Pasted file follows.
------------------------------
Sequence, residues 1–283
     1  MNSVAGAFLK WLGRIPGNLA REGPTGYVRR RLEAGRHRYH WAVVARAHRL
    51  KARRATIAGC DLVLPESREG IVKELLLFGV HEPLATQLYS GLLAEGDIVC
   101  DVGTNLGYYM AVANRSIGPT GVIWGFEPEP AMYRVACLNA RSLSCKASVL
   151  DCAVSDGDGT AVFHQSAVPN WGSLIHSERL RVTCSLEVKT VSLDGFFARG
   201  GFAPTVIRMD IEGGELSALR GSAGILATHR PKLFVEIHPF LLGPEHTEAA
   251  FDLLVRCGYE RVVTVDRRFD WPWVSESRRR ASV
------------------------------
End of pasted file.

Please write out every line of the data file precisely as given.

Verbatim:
Sequence, residues 1–283
     1  MNSVAGAFLK WLGRIPGNLA REGPTGYVRR RLEAGRHRYH WAVVARAHRL
    51  KARRATIAGC DLVLPESREG IVKELLLFGV HEPLATQLYS GLLAEGDIVC
   101  DVGTNLGYYM AVANRSIGPT GVIWGFEPEP AMYRVACLNA RSLSCKASVL
   151  DCAVSDGDGT AVFHQSAVPN WGSLIHSERL RVTCSLEVKT VSLDGFFARG
   201  GFAPTVIRMD IEGGELSALR GSAGILATHR PKLFVEIHPF LLGPEHTEAA
   251  FDLLVRCGYE RVVTVDRRFD WPWVSESRRR ASV